Networking is about connecting with and developing mutually beneficial relationships with people you respect, especially those with similar values to yours. It is the most productive way to get a lead for a job that is right for you. When I was at Heidrick & Struggles, 70% of our placements came from referrals. Chrysalis is a nonprofit in Los Angeles that helps homeless people find jobs. Even at this level, 60% of those who got a job heard about it from someone else. Perhaps without even realizing it, people were networking for career change.
Develop your network for career change in two steps.
In Career Change Guide, there is a lot more detail about developing your network for career change. Here are a couple of the most important points.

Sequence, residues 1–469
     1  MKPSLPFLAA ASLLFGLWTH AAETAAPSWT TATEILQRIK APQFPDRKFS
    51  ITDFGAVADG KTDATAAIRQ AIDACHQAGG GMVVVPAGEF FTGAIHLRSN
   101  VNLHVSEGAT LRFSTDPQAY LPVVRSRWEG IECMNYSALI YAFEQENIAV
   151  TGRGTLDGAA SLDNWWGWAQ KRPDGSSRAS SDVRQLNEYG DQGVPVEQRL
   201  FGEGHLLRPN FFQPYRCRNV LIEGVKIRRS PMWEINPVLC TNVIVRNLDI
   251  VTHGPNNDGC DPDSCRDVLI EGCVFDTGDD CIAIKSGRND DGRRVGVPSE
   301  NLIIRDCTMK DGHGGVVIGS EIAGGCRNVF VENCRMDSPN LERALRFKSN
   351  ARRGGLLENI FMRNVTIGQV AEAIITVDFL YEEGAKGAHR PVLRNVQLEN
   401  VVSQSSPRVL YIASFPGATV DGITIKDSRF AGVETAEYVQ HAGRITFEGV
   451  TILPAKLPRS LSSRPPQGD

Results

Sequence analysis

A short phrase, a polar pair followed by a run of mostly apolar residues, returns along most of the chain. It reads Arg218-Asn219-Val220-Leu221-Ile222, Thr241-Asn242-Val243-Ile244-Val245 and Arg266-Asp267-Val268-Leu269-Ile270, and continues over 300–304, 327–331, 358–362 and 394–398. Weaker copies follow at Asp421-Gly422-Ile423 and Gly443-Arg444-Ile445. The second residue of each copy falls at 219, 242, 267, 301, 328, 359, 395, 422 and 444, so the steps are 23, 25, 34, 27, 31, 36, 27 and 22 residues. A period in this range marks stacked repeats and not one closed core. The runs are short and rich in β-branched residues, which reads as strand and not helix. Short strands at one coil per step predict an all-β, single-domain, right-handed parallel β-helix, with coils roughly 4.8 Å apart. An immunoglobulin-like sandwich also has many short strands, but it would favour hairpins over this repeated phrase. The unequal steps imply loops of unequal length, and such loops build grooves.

How to organize yourself before you begin networking for career change:
1) Create a List of Contacts
Develop a list of sources to help you find job opportunities. Think of people you know, even slightly and write down the names of anyone you think might be helpful. Include people who you think could refer you to others who could give you leads.
Make several lists. For example: a work list, a strategic list, and a personal list. These lists will help you begin networking for career change.
2) Set Priorities
Once you have identified people in all three categories, prioritize your list in a way that makes the most sense to you. This is your network for career change. You may start with people with whom you would feel most comfortable approaching.
This is a brief overview of a few of the main ideas to help you start networking for career change. Read Career Change Guide to get more ideas.
Keep reading my blog for more career change tips from my book, Career Change Guide. Buy Career Change Guide on Amazon for yourself or someone you know. And check out this website for free career change resources, career change videos, and a career change resume template.